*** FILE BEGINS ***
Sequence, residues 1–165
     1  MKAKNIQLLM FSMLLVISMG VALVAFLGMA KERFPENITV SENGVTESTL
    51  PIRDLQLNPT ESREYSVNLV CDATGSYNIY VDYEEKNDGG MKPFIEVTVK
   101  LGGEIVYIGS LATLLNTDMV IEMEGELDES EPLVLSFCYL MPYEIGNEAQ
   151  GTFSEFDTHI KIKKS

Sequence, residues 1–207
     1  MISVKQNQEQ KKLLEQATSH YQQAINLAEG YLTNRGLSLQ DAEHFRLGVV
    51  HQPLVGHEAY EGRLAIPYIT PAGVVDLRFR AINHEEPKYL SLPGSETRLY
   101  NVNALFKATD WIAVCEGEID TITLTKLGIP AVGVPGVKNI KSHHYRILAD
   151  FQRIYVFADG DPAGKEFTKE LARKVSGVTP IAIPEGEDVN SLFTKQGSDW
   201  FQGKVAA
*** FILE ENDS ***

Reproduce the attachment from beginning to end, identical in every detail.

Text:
Sequence, residues 1–165
     1  MKAKNIQLLM FSMLLVISMG VALVAFLGMA KERFPENITV SENGVTESTL
    51  PIRDLQLNPT ESREYSVNLV CDATGSYNIY VDYEEKNDGG MKPFIEVTVK
   101  LGGEIVYIGS LATLLNTDMV IEMEGELDES EPLVLSFCYL MPYEIGNEAQ
   151  GTFSEFDTHI KIKKS

Sequence, residues 1–207
     1  MISVKQNQEQ KKLLEQATSH YQQAINLAEG YLTNRGLSLQ DAEHFRLGVV
    51  HQPLVGHEAY EGRLAIPYIT PAGVVDLRFR AINHEEPKYL SLPGSETRLY
   101  NVNALFKATD WIAVCEGEID TITLTKLGIP AVGVPGVKNI KSHHYRILAD
   151  FQRIYVFADG DPAGKEFTKE LARKVSGVTP IAIPEGEDVN SLFTKQGSDW
   201  FQGKVAA